“It’s here… It’s here… IT’S RIGHT HERE!” He yelled, holding his scissors high. The other figure scoffed.
“What is he on about?” The Boy asked The Man as they walked by. The Man shook his head.
“He’s The One Who Departed. He believes those scissors were his talisman. Whether they were or weren’t, he can’t remember anything anymore,” The Man told him. The One Who Departed attempted fruitlessly to reassemble the scissors.
“My life.. My life… take me back, take me BACK!” He screamed. But The Boy knew that The One Who Departed could never return to his life. If he were ever to return, the world would seem mad.
“How does one return, if it’s even possible? I’d like to,” The Boy asked The Man. The Boy grew anxious at the answer. The Man nodded.
“It is. There’s a gateway at the edge of this world, all one needs to do is step through,” He explained. The Boy turned his head.
“If it were that easy, why haven’t many people come out?” The Boy asked him. The Man said nothing.
They’d finally reached The Man’s haven. It was a poor shack, but rich with sustenance to prosper down here. Only a few measly luxuries existed. A bed, a table, and a clear paper.
“We’ll rest for a while, then return you to your home,” The Man told The Boy. The Boy looked across the house before picking up the piece of paper. It held a single word.
“Hiro? What’s that mean?” The Boy asked The Man. The Man took a second to look at the paper himself, before shaking his head. Nothing.
“Why don’t you call me Hiro then, since ‘Boy’ is degrading enough?” The Boy told The Boy. The Man chuckled. Perhaps curiosity and proudness cost The Boy his perfect glasses.
“Well, Hiro, are you ready to go home?” The Man asked Hiro. Hiro nodded, pocketing the paper. Maybe if he had it, he wouldn’t forget his new name.
Hiro and The Man began their trek to the edge of the world, and the path had taken them to the familiar spot seen yesterday. The One Who Departed was nowhere to be seen, and the other figure remained on his throne, proud.
“Off to leave, then?” The figure sat up to look at the two. Hiro sensed the hostility and stood his ground.
“Yes I am. I am going to leave and return home to my memories and my life,” He said proudly. The Man looked distasteful.
“The real world? It’s bogus! Why go back there when it’s so much easier here?” The figure exclaimed, “Your companion knows it’s the truth,” He said, looking at The Man slyly. The Man grew angry and stepped to face the demon.
“I didn’t choose this, you’re The One Who Chose,” He leveled at the figure. The figure scoffed, before taking his seat back down. Hiro looked at The Man, who had intense emotions written over his face. There was some unspoken dialogue, Hiro wondered.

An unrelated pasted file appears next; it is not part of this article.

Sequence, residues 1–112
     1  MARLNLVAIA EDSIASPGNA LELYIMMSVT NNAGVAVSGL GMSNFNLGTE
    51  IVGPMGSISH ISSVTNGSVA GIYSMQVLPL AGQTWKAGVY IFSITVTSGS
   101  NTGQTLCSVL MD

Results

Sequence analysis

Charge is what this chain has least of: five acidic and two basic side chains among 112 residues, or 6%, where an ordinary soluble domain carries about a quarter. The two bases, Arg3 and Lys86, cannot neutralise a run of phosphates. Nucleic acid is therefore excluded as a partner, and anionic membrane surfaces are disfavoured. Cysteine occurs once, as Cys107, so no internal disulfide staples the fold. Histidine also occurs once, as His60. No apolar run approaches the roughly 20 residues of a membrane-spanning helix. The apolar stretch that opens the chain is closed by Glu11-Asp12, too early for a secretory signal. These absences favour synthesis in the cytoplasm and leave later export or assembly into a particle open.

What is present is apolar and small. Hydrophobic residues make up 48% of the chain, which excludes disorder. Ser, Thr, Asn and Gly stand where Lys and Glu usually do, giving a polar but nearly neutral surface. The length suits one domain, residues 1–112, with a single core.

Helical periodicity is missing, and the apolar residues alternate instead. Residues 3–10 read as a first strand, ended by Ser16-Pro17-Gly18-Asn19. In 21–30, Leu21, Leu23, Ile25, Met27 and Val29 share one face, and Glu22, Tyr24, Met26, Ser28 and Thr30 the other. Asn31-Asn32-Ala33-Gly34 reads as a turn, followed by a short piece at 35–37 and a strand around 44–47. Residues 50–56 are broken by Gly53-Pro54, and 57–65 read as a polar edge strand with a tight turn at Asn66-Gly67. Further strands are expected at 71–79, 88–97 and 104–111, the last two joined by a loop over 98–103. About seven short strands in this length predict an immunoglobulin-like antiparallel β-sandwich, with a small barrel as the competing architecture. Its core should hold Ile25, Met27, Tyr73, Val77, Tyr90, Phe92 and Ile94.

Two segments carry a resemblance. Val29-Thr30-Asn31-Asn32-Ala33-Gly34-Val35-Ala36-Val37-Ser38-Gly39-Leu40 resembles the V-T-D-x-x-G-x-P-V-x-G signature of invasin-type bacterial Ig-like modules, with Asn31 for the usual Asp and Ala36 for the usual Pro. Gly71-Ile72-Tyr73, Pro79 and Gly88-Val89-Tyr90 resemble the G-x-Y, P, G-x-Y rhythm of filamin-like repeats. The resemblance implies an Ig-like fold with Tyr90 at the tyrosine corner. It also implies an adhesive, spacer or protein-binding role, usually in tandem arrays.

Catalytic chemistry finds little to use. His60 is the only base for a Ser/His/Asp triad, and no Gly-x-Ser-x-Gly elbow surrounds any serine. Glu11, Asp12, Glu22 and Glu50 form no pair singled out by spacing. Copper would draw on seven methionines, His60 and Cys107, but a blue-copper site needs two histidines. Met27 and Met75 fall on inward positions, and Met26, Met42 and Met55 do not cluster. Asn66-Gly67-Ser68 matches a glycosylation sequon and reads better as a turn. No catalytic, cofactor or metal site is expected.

“We’re here,” The Man said, pointing forward. At first, Hiro saw nothing, but then he realized that was the point. The border of the world was a dark fog of mist, “You just have to walk through,” The Man told him, stepping backward. Hiro stepped towards the mist and put his hand through. He could feel the tasteful experiences coming back to him when he did. But he hesitated.
“What are you waiting for?” The Man asked him, “Go on, Boy, get out of here,” He told him. Hiro shook his head.
“Why haven’t you left? You aren’t insane like The One Who Departed and The One Who Chose, but you’re still here,” Hiro asked him.
“I can’t leave,” The Man told him, “It’s not in the cards for me, not anymore,”
Hiro looked confused, “What do you mean? Just walk out, isn’t it easy?” He said, gesturing to the mist. The Man looked away as The Boy realized his meaning. It wasn’t.
“You fell into this world less than a week ago. I can’t even remember falling into it anymore. I don’t know what’s on the other side, or if I even have anything left on the other side. But part of me still remembers it. The peacefulness, the love, the environment. And that part of me wants to leave,” The Man explained, as Hiro finally understood.
“You have a talisman, don’t you?” Hiro asked him, to which The Man nodded, “What is it?” The Man only looked to The Boy’s pocket.
“You’re scared of what’s on the other side, but you don’t want to stay here anymore. Let me help you,” Hiro told him. The Man laughed.
“You’re just a child, and you have to leave. What says you even remember me once you do?” The Man told him. Hiro pulled out the paper he took from The Boy’s haven.
“This. I’ll bring a talisman back to the world. I’ll remember how I got in, and I can come back for you. I’ll save you,” The Boy told him. The Man stared at the paper for seconds, before finally looking to the mist. The Boy understood the sign of approval, and walked through the mist until The Man couldn’t see him anymore. The Man looked away, beginning his trek back.
As Hiro stepped down from the mountain he’d climbed to get to the gateway, he felt his attachments to his talisman leave as his memories of the other side grew more and more transparent until finally, he couldn’t remember anything at all, not even his own name. His journey was almost complete, and he’d reached the sitting place of The One Who Chose and the One Who Departed, though the area was now vacated.
Hiro looked between both empty spots, previously belonging to The Lost Ones, trying to figure out where to sit. He felt like he’d sat somewhere else before, but he couldn’t quite remember where.